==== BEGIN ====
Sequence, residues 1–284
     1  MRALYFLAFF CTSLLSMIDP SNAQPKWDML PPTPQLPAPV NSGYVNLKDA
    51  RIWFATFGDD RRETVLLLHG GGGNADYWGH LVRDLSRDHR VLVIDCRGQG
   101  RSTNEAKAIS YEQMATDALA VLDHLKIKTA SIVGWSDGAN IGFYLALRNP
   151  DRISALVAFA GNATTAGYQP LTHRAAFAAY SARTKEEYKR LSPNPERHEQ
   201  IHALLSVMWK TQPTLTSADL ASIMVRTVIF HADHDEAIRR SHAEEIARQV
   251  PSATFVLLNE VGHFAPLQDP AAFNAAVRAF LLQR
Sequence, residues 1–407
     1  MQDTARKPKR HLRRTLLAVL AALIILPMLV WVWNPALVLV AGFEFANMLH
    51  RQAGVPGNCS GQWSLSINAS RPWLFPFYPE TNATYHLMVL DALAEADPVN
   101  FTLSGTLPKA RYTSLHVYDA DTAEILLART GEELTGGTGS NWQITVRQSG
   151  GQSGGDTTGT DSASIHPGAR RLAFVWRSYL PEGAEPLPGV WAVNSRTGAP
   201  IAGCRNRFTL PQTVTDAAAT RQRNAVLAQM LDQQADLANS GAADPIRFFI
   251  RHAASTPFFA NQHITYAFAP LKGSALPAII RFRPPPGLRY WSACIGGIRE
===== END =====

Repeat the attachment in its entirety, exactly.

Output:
Sequence, residues 1–284
     1  MRALYFLAFF CTSLLSMIDP SNAQPKWDML PPTPQLPAPV NSGYVNLKDA
    51  RIWFATFGDD RRETVLLLHG GGGNADYWGH LVRDLSRDHR VLVIDCRGQG
   101  RSTNEAKAIS YEQMATDALA VLDHLKIKTA SIVGWSDGAN IGFYLALRNP
   151  DRISALVAFA GNATTAGYQP LTHRAAFAAY SARTKEEYKR LSPNPERHEQ
   201  IHALLSVMWK TQPTLTSADL ASIMVRTVIF HADHDEAIRR SHAEEIARQV
   251  PSATFVLLNE VGHFAPLQDP AAFNAAVRAF LLQR
Sequence, residues 1–407
     1  MQDTARKPKR HLRRTLLAVL AALIILPMLV WVWNPALVLV AGFEFANMLH
    51  RQAGVPGNCS GQWSLSINAS RPWLFPFYPE TNATYHLMVL DALAEADPVN
   101  FTLSGTLPKA RYTSLHVYDA DTAEILLART GEELTGGTGS NWQITVRQSG
   151  GQSGGDTTGT DSASIHPGAR RLAFVWRSYL PEGAEPLPGV WAVNSRTGAP
   201  IAGCRNRFTL PQTVTDAAAT RQRNAVLAQM LDQQADLANS GAADPIRFFI
   251  RHAASTPFFA NQHITYAFAP LKGSALPAII RFRPPPGLRY WSACIGGIRE